Finding the right people for senior jobs is critical to your company’s future success. Making the right decision might mean the difference between your company’s success and failure, but finding the perfect person to take your firm to the next level isn’t always easy.
Young Entrepreneur Council (YEC) members weighed in on the following question to assist fellow leaders in hiring for senior-level positions:
“What is the most important recruitment lesson you’ve learned regarding hiring for a senior position at your company?” What effect did that lesson have on your recruiting efforts in the future?”
Here’s what they’ve learnt along the way in their businesses.
1. Identify someone who is already doing a fantastic job.
“When it comes to recruitment, the best thing I’ve learned is that it’s preferable to find people who are already doing great work at another company and start creating a relationship with them.” If there is a common desire, take the effort to learn about their current concerns and outline how your organization could be a better professional match.” PageKits.com’s Richard Fong
2. Internal Hiring
“We have always hired senior-level talent from within our organization.” Because current employees are familiar with our culture and standards, we aim to promote them initially. However, this takes time and preparation. You must regularly hire junior-level staff, train them, and provide them with experience.” PaperStreet Web Design, Peter Boyd
3. Conduct several interviews
“I recommend having many interviews when recruiting for a senior position at your organization. If you’re going to place someone in a critical position on your team, be sure they’re the proper fit. I don’t believe one interview is adequate for this assessment. We normally do three to four interviews before hiring someone for one of these positions.” MonsterInsights’ Chris Christoff
4. Create a Job that Suits Them
“Experienced applicants may not be a perfect fit for the position you’re advertising, but if they’re a fantastic culture fit with aspirations that might help your company grow, it’s frequently worth it to be flexible and create a position that fits them.” Wunderdogs’ Daria Gonzalez
5. Prioritize your values.
“You must delve deeply into their values.” You don’t need to do this as much when hiring for a base role, but for senior positions, those ideals will have a significant impact on your organization. As a result of this lesson in senior roles, we’ve made far better hires.” Money Crashers Personal Finance’s Andrew Schrage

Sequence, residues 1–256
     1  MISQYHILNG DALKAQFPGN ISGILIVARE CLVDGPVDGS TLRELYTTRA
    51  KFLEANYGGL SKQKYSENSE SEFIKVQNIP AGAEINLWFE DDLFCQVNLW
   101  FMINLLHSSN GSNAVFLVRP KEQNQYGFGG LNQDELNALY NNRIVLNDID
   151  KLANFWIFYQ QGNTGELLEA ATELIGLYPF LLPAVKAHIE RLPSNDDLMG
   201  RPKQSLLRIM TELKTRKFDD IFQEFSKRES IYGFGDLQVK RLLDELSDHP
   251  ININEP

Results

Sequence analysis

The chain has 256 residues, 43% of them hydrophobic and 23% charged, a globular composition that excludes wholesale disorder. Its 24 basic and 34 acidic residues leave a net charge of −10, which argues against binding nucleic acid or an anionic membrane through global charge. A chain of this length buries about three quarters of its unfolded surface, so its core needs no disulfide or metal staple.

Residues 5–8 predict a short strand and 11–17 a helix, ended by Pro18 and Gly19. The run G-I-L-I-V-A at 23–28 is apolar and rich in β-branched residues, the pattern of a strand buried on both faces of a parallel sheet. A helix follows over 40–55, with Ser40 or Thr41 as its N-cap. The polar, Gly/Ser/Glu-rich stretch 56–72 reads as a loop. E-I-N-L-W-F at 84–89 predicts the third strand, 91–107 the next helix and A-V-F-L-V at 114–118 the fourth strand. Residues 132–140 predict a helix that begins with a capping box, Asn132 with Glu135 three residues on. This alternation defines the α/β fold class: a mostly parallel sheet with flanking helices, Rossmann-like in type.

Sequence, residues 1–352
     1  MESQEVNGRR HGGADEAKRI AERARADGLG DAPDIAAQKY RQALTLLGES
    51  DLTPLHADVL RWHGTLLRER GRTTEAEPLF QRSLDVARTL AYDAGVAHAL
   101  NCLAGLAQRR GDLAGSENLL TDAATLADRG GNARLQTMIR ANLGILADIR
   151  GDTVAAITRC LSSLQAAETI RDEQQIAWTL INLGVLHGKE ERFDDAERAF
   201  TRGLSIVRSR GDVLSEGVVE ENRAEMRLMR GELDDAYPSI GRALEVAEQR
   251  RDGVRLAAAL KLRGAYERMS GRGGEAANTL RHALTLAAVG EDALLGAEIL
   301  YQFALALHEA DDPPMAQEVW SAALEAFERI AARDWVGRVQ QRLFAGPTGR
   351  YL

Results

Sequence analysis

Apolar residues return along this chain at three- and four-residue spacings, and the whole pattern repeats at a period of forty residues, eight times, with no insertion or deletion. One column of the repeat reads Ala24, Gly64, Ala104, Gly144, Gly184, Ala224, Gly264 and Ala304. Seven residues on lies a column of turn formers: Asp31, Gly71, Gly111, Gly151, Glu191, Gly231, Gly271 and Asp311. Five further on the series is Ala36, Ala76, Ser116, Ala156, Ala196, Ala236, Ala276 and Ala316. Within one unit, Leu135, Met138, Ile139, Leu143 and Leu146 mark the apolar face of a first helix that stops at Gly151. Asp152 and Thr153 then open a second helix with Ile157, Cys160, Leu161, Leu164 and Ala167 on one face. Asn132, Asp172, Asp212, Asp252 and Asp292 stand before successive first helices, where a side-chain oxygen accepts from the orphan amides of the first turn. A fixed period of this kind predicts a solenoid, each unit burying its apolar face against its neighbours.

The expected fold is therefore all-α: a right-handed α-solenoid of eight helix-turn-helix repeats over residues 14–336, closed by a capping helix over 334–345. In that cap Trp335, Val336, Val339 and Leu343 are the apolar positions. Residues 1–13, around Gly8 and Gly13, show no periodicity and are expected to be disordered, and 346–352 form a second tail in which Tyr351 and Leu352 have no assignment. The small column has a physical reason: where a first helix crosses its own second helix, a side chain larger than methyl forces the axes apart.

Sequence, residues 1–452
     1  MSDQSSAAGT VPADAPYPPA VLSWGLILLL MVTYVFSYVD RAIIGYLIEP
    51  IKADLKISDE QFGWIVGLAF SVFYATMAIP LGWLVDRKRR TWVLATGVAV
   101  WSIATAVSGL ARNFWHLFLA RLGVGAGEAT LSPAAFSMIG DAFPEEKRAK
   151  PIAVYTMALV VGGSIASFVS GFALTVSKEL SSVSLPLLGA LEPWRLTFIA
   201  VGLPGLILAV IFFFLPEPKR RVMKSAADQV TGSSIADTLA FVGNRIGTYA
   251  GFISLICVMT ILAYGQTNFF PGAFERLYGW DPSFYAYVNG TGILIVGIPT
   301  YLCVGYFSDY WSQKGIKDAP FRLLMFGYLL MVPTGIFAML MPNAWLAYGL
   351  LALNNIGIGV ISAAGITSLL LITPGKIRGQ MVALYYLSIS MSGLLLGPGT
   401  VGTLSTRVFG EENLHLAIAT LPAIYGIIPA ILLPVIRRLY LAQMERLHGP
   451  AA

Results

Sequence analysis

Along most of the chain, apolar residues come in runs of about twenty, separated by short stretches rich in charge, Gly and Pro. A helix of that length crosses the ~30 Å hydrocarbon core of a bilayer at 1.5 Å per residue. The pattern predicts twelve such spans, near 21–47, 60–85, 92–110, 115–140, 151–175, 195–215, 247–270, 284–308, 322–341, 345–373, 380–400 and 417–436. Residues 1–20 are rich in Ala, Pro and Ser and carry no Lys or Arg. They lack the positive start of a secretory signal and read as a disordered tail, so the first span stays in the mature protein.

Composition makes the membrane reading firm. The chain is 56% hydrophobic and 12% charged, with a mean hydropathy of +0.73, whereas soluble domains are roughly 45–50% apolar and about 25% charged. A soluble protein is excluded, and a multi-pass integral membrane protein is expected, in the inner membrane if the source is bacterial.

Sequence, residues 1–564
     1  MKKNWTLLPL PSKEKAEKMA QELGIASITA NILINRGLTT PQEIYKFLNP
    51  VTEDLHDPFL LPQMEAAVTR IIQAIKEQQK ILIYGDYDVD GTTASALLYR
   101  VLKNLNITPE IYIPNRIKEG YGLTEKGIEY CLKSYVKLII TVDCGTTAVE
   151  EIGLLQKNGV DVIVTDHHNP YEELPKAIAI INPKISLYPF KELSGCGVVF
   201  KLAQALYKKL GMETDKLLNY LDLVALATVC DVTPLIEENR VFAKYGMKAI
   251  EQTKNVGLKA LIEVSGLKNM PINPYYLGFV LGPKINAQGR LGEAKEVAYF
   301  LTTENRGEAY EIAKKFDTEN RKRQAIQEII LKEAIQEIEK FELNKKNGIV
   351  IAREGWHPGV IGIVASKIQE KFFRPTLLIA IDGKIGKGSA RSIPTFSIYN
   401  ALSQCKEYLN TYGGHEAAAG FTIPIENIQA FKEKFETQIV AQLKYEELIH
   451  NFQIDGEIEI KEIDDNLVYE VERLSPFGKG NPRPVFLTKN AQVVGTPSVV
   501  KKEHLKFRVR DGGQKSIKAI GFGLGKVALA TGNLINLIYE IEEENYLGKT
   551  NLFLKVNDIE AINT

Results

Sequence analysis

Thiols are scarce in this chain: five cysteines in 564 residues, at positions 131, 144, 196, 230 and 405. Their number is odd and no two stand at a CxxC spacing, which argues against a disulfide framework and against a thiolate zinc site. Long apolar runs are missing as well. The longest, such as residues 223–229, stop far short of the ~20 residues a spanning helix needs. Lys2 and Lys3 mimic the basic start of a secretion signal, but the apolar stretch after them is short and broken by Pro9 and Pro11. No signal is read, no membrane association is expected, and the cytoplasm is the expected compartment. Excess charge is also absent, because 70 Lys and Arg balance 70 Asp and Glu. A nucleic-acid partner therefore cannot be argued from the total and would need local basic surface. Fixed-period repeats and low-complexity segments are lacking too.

6. Figure out what they’re after.
“A little planning goes a long way.” You must learn what that person is looking for in a role and learn the answer early in the conversation. Determine an expansion strategy and put it into effect as soon as possible. That way, you’re demonstrating to this person that you appreciate their contributions so high that you’re willing to customize the role to meet their requirements.” Gigster Tyler Quiel
7. Write down key questions.
“If you’re looking for someone to fill a senior position at your firm, I recommend making a list of important questions that you anticipate your candidate to be able to answer before they accept the position.” For example, you may question prospective hires to describe the position’s main challenges and how they plan to handle them.” Smash Balloon LLC’s John Brackett
8. Combine your industry knowledge with your computer abilities.
“Hiring someone with industry experience and computer abilities is one of the most significant recruitment lessons I’ve learnt.” Yes, you want to hire someone well-versed in the sector, yet, if they cannot apply a specific skill set fast, your business may suffer. It’s tough to maintain things organized and efficient if someone doesn’t have sufficient computer abilities.” Shu Saito, Fact Collector
9. Take into account candidate trials
“Try out applicants for senior roles before making a decision.” To begin, you can hire them on a consulting basis. You can see if you’re compatible throughout that time. If you give them a try, you’ll be able to see whether or not they’re a good fit. This lesson has helped us at Bounce bring some fantastic people through the door with a lot of confidence.” Bounce’s Cody Candee
10. Make a long-term hire
“When I’m hiring for a senior job, I look for applicants who will stay with the organization long.” They should be adaptable and flexible enough to fit into the company’s long-term goal rather than simply meeting immediate needs.” Wholesale Suite’s Josh Kohlbach
11. Pay attention to personality traits
“When interviewing for a senior position, I look for personality attributes in candidates. I believe that our staff must get along and integrate into the business culture. This is only conceivable if you have a personality that permits such behaviour.” OptinMonster’s Thomas Griffin
12. Search for Prior Experience
“When hiring for a senior position inside your firm, culture and experience are critical. You’ll need someone who knows how things should function to be successful, has gone through the ups and downs of the firm, and is committed to and understands the overall vision. This ensures that the culture you’ve worked so hard to establish is preserved and that your objectives are met.” eMerchantBroker’s Blair Thomas.
13. Get to Know Potential Candidates in Advance
“I believe in getting to know people before collaborating with them or recruiting them for high jobs.” So far, it has been a huge success. You’ll know whether your goals and work methods are similar after talking with someone for a year. Working with such people would be not only simple but also enjoyable. Not to mention that your company will expand.” Syed Balkhi, WPBeginner